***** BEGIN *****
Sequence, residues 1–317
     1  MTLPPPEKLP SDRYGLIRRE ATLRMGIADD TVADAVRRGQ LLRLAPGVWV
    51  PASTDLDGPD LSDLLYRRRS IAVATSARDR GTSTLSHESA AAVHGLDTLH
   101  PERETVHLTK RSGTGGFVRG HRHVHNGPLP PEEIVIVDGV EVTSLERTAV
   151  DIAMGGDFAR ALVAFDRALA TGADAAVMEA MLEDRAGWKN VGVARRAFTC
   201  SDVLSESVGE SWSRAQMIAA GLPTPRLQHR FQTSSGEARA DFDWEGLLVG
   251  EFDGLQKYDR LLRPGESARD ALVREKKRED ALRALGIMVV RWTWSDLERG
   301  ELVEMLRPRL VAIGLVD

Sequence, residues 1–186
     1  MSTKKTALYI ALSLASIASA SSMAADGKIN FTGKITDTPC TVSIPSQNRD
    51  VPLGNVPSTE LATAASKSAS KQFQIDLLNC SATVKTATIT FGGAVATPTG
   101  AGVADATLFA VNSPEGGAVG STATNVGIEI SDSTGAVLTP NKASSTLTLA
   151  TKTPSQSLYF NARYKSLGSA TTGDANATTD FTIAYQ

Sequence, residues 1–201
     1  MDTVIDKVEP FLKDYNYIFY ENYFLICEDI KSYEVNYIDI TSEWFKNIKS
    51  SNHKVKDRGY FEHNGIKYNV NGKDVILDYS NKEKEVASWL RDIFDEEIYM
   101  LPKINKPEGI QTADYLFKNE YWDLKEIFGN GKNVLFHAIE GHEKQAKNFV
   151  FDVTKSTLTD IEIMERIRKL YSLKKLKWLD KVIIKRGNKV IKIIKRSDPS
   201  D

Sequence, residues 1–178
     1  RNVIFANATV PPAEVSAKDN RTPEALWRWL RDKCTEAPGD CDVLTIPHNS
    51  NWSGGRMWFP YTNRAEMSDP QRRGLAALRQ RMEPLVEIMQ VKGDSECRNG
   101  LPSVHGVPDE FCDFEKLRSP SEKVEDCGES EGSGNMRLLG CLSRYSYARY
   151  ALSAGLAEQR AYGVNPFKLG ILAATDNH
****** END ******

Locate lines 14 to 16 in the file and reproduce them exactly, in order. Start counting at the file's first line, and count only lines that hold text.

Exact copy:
Sequence, residues 1–201
     1  MDTVIDKVEP FLKDYNYIFY ENYFLICEDI KSYEVNYIDI TSEWFKNIKS
    51  SNHKVKDRGY FEHNGIKYNV NGKDVILDYS NKEKEVASWL RDIFDEEIYM